“Being here with the Jets, they took a chance on me,” Polite said. “Even throughout the draft process, I just know here I have great people around me. I’m surrounded by great people, so I have no choice but to change and be great.”
For him to reach that level, he probably will do it as a pass-rusher. That’s his calling card. As a 235-pound defensive end for the Gators, Polite recorded 17.5 tackles for loss, 11 sacks and a nation-leading six forced fumbles in only 529 defensive snaps in 2018. He displayed fast feet, loose hips and a nonstop motor. On a screen pass against Tennessee, he made a tackle almost 40 yards downfield — and the video of the play went viral.
Florida coach Dan Mullen has said Polite reminds him of former Indianapolis Colts great Dwight Freeney, who was a Syracuse freshman when Mullen was a graduate assistant at the school. Like Freeney, who finished his NFL career with 125.5 sacks, Polite has incorporated a spin move into his repertoire.
“I like the spin move a lot,” said Polite, who expects to play outside linebacker at 245 pounds. “It’s not like his [Freeney’s] yet, but it’s going to get there. It’s going to get there.”
Polite didn’t do much spinning in his first two seasons at Florida. He arrived on campus as a 270-pound interior lineman before dropping weight and converting to an edge player. Weight fluctuation has slowed his development. Before the combine, he decided to add weight with the hope of improving his stock — or so he says. It backfired. Those close to him say he gained too much too fast, resulting in a slight hamstring tear before the combine. He overcompensated during rehab, injuring the good hamstring.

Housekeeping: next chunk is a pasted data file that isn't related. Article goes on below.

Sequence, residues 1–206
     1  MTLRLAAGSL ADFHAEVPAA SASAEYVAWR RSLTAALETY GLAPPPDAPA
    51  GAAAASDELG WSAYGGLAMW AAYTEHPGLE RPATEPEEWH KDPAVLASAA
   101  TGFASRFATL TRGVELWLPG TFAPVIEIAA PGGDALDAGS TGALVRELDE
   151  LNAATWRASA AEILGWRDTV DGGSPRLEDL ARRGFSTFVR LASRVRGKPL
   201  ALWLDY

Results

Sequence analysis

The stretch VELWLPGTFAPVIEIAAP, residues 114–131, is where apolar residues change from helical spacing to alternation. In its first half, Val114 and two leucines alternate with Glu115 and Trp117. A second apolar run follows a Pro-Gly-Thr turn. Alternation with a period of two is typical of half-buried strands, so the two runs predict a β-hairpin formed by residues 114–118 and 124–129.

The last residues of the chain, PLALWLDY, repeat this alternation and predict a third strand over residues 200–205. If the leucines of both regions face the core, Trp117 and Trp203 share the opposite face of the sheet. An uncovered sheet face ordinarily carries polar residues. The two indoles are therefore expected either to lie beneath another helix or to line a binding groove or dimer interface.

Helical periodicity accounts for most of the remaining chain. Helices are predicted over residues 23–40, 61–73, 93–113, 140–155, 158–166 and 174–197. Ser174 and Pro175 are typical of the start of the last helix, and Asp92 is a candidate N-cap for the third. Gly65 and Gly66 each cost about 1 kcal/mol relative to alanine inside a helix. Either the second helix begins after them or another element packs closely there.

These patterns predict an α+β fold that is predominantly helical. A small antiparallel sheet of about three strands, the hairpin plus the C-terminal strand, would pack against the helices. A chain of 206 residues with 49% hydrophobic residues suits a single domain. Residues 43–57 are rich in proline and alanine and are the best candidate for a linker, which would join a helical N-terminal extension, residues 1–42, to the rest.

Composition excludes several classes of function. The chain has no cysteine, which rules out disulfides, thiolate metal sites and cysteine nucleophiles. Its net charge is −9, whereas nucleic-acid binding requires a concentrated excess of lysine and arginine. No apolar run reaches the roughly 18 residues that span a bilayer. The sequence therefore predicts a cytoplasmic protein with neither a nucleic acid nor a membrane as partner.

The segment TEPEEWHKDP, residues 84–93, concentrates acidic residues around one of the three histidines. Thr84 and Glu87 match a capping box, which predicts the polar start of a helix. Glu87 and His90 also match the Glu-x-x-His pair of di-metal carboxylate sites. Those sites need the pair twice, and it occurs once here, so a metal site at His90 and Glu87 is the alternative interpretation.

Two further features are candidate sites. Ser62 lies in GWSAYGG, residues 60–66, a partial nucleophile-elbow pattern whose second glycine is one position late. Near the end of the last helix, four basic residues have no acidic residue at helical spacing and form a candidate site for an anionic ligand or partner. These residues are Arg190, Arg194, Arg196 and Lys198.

That, of course, doesn’t explain his poor combine interviews or the character concerns from college. Teams treat pass-rushers like precious metal, and yet no one was willing to draft him in the first two rounds. The slide cost him life-changing money. Polite received a $1.1 million signing bonus; if he had gone, say, 25th overall, the guarantee would have been close to $12 million.
Maybe the Jets got a bargain. They’re not gloating, but they’re intrigued.
“There are a lot of guys that say they’re really good pass-rushers, but until you see it in the NFL, going against an elite player and winning one-on-ones consistently, you really can’t say that guy is an elite pass-rusher,” Gase said. “To see the skill set this guy has, and to see how he can grow and develop, to me, he’ll be a fun guy to watch over time.”